Gyoza: Pleating the Dumplings

gyoza on a tray

Gyoza, the Japanese pot-stickers, are usually pleated into half-moon shaped dumplings. They look elegant, but if you work through the process step by step a few times it’s actually quite easy to do. You can buy gyoza wrappers, usually in the freezer sections of Asian/Japanese groceries. Gyoza wrappers are made with wheat flour, and should be thinner around the edges because the peating makes the dough thick, and it will take longer to cook than the body of the wrapper. Or you can make your own dumpling wrappers. As a last resort, you can use wonton wrappers; they will be easier to work with for pleating if you cut them into circles. For the filling, try pork pot stickers or pork, wakame, and miso gyoza.

gyoza close up picture

What to have ready before you start:
Form the filling into a ball, then divide it into quarters. Work with one portion at a time and keep the remainder in the fridge. Have ready a small bowl of cold water to seal the edges of the dumplings. Have a cookie sheet covered with a cotton cloth to place the finished dumplings on..
How to make Gyoza 1Dip your finger into a bowl of cold water and trace around the edge of the gyoza wrapper. The dough needs to be dampened for it to seal.

Place a spoonful of the filling in the center of a wrapper and fold it in half. Don’t overfill—leave enough of the wrapper to make the pleats!
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how to make gyoza 2

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Pinch the edges of the wrapper together in the middle of the round edge of the moon.
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how to make gyoza 3You are going to pleat only the top of the dumpling.
Put a finger into the right side of the dumpling and push a little pleat of dough toward the sealed middle of the gyoza. Withdraw your finger and press into place to make sure it seals.
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how to make gyoza 4.
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Push a second pleat to the right of the first one.
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how to make gyoza 5.
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Look at the right corner of the dumpling and you will see a small triangular opening. Press the corner up toward the top of the dumpling to form a third pleat.
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how to make gyoza 6.
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This shows the third pleat just as it’s pressed toward the top of the dumpling.
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how to make gyoza 7.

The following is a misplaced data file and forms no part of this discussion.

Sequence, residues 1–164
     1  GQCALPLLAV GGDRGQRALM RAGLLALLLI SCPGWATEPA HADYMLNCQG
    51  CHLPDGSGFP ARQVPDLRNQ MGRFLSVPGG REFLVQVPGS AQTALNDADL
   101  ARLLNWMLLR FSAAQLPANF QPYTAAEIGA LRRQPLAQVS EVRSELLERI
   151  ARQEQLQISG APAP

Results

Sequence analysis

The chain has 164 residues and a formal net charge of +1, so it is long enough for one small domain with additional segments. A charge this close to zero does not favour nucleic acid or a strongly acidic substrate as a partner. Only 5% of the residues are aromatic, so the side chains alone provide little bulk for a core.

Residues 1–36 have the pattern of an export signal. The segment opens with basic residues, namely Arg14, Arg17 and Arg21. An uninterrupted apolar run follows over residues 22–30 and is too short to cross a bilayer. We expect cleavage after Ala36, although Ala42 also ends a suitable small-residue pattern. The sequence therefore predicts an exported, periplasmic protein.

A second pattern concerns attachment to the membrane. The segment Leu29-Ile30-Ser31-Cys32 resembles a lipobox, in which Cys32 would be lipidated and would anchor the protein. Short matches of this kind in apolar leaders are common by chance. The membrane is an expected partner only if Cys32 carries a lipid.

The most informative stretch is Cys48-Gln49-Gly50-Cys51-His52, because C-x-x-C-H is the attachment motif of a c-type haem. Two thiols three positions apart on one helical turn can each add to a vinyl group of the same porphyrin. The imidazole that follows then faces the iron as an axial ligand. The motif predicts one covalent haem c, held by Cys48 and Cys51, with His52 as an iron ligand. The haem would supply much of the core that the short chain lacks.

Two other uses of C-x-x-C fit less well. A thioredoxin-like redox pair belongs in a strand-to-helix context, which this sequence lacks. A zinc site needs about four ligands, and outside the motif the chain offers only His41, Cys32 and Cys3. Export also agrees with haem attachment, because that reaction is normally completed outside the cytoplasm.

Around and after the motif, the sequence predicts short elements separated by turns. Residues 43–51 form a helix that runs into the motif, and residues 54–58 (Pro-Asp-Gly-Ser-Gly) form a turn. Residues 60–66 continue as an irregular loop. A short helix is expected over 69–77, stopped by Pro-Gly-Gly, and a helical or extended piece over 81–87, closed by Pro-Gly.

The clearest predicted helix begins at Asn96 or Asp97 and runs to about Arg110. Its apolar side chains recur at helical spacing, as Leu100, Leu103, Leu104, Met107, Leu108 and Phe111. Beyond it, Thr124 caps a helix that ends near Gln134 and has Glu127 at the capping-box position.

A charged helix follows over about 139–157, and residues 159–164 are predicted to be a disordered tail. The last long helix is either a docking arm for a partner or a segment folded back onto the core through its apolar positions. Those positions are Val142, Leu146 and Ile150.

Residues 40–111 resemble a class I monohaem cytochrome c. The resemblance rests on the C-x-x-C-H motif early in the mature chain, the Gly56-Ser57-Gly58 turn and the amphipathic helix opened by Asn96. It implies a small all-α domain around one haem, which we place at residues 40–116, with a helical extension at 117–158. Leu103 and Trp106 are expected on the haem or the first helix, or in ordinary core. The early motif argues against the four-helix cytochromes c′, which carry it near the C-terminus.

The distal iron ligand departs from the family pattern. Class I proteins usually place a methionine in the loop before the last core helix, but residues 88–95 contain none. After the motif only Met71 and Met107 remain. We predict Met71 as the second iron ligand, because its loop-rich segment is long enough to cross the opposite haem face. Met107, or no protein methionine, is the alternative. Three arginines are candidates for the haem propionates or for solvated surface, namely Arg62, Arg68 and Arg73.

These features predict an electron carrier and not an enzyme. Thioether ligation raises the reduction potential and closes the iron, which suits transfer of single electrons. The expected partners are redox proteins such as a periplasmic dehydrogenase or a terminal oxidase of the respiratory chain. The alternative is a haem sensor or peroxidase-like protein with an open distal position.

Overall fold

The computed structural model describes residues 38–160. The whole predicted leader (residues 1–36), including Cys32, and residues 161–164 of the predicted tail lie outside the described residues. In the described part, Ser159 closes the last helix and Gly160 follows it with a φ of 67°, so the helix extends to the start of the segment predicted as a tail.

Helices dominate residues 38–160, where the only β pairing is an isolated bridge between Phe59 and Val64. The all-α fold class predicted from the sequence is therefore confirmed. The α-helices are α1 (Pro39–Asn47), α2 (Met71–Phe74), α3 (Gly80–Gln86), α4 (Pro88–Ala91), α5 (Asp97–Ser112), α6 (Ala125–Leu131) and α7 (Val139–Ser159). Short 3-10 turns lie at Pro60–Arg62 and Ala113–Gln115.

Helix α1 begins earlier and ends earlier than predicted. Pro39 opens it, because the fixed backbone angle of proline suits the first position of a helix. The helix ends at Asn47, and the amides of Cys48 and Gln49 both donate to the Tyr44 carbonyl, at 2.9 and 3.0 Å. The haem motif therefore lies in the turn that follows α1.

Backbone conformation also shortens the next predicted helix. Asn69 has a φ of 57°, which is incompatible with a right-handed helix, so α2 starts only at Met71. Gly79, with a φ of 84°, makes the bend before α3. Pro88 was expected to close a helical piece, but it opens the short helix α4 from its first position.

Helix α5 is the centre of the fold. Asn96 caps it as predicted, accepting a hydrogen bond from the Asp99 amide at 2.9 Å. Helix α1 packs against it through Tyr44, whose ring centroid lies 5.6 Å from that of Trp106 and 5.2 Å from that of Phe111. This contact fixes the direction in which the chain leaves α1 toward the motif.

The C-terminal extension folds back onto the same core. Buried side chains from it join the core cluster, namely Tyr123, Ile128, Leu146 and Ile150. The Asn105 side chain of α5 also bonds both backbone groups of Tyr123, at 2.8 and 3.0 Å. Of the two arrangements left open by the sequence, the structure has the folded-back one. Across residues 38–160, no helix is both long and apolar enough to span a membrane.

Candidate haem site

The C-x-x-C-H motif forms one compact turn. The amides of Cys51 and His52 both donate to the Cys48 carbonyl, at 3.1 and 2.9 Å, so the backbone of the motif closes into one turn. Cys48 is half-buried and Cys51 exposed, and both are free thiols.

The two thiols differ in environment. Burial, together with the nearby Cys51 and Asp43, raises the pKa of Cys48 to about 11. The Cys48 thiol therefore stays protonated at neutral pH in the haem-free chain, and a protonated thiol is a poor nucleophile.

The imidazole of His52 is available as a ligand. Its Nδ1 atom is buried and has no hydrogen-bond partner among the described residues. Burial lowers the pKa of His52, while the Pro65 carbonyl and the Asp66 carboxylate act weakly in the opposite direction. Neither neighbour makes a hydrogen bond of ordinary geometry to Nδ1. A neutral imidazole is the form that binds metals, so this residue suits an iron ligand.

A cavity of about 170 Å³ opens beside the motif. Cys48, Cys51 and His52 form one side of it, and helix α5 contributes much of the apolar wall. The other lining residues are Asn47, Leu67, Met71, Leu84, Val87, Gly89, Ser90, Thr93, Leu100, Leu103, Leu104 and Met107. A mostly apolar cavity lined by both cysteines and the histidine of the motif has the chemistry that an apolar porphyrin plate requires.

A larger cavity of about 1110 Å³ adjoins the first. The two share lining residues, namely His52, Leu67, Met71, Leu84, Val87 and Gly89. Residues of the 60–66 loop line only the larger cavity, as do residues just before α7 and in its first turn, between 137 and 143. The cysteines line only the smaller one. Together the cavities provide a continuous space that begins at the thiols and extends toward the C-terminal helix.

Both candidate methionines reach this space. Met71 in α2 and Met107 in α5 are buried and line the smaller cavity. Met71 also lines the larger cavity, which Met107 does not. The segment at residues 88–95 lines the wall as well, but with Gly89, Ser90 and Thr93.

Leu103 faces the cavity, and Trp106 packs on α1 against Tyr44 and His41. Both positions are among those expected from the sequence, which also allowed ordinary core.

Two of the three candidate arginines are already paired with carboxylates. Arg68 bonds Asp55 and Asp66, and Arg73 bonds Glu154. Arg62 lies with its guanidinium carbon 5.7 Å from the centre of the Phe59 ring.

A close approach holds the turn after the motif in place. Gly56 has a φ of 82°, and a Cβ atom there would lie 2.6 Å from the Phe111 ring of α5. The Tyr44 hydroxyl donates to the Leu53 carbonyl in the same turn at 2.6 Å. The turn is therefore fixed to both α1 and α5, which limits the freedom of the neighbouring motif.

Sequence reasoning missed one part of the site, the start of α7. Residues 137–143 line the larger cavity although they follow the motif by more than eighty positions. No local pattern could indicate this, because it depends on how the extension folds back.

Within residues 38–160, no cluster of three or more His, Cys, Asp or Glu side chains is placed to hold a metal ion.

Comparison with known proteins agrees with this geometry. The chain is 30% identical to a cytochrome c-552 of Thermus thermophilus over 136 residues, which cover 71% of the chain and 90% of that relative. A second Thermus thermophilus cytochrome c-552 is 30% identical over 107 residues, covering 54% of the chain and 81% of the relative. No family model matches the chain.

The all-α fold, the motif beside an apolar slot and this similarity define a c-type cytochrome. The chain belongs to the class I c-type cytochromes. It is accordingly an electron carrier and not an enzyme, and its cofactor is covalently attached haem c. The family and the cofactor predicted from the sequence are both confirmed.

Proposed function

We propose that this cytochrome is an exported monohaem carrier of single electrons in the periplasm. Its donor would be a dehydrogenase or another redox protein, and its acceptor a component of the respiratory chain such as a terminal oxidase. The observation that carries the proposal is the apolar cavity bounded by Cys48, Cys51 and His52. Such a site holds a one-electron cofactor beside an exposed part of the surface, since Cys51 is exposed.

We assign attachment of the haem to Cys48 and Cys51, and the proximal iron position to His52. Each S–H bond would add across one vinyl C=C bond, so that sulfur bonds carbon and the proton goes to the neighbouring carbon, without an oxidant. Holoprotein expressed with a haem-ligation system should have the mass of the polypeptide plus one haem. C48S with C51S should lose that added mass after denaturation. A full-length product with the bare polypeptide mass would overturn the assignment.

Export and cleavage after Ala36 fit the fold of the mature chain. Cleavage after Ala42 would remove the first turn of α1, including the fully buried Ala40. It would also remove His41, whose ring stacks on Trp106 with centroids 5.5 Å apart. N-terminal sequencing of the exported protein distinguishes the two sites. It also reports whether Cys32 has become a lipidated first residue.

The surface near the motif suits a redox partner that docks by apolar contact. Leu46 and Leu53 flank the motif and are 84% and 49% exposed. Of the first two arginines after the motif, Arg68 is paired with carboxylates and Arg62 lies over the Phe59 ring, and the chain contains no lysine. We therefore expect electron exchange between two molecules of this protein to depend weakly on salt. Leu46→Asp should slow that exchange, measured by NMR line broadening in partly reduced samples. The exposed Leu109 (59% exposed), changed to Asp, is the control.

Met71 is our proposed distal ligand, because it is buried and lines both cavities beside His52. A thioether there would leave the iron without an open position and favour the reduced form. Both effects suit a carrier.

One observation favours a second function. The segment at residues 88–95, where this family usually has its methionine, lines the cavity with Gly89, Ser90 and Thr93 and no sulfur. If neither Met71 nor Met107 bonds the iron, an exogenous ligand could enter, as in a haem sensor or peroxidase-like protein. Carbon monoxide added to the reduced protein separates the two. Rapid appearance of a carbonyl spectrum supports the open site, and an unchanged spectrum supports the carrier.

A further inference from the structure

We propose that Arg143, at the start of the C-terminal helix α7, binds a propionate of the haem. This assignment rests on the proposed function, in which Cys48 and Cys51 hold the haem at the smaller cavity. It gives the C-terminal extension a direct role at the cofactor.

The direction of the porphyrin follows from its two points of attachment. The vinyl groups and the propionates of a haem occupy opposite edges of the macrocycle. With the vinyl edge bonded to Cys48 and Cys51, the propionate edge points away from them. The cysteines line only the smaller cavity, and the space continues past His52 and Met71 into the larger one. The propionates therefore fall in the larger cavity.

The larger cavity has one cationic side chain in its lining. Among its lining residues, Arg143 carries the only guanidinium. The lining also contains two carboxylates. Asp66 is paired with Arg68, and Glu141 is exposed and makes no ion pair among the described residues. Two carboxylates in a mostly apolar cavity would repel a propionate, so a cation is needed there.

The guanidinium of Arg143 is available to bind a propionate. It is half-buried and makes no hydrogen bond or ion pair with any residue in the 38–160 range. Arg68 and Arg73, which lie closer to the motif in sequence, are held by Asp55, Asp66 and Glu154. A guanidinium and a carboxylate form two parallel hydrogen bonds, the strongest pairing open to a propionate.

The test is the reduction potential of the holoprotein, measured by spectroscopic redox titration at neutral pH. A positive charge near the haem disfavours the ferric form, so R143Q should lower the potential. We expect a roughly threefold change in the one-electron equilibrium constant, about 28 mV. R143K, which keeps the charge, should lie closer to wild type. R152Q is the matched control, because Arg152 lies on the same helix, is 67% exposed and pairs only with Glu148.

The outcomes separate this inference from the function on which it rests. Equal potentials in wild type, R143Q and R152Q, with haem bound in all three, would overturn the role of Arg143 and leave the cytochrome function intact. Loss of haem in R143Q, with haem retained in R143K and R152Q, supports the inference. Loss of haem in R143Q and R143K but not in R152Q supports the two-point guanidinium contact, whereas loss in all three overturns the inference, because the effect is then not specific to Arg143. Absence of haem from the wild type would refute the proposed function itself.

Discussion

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The right half of the dumpling is complete.
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.how to make gyoza 8
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Make a pleat on the left side, near the middle.
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how to pleat gyoza .
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Make a second pleat…
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how to make gyoza 10.
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…and push it toward the middle on the left side.
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how to make gyoza 11.
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Remember the little corner triangle you had on the right side? Push the edge toward the front.
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how to make gyoza 12.
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Pleating and sealing the gyoza is complete.
Congratulations!!!
now make 39 more…
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gyoza on a tray

⇐ Previous Post Next Post ⇒
Pork and Wakame Gyoza Gyoza: Frying the Dumplings
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9 thoughts on “Gyoza: Pleating the Dumplings

  1. Pingback: Pork and Wakame Gyoza « Tess’s Japanese Kitchen

  2. Now I see why my gyoza were never as attractive as yours – that’s a completely different technique than the one I learned, and it seems like a much better method, too.
    It still takes a world of patience, but after a lot of practice, I understand you can go really, really fast.

    From a wistful,
    Marcia

  3. Wow!!!! One handed. Amazing. Talk about coordinated. I’ve got to try it. Thanks for the detail pictures and narrative.

  4. Marcia,
    So what was your technique? Have you ever tried to make boiled dumplings like this with rice-wrappers instead of wheat wrappers?
    When I first made “pot-stickers” years ago (30 years??!), I used wonton wrappers and shaped them sort of like the wontons I’d had in soups at (American) Chinese restaurants: sort of like tortellini (sp?) with the corners offset. I even made deep-fried wontons back then! Then my daughter became friends with a girl from China, and her mother made boiled dumplings that were pleated in a complicated way; she’d send some home with my daughter and for me to warm them up I’d pan-fry them. So do you remember my early posts about my project (?) when I tried to pleat my first Japanese dumplings on both sides, like my daughter’s friend’s mother did?

  5. Hi lance!
    Yup—one handed. It’s the magic of photography. :-) Don’t try this at home!
    Seriously, I really did want to make a useful set of pictures. If this helped, good, but I’ll have to try again to make it better…

  6. making dumplings may be my only skill for being Asian, I am not as good as you are though. I appreciate your time and willingness to teach people about art of cooking!

  7. Pingback: Spicy Pork Dumplings | Lawyer in the Kitchen l Learn to cook easy, healthy recipes

  8. Pingback: Sweet & Spicy Pork Dumplings | Lawyer in the Kitchen l Learn to cook easy, healthy recipes

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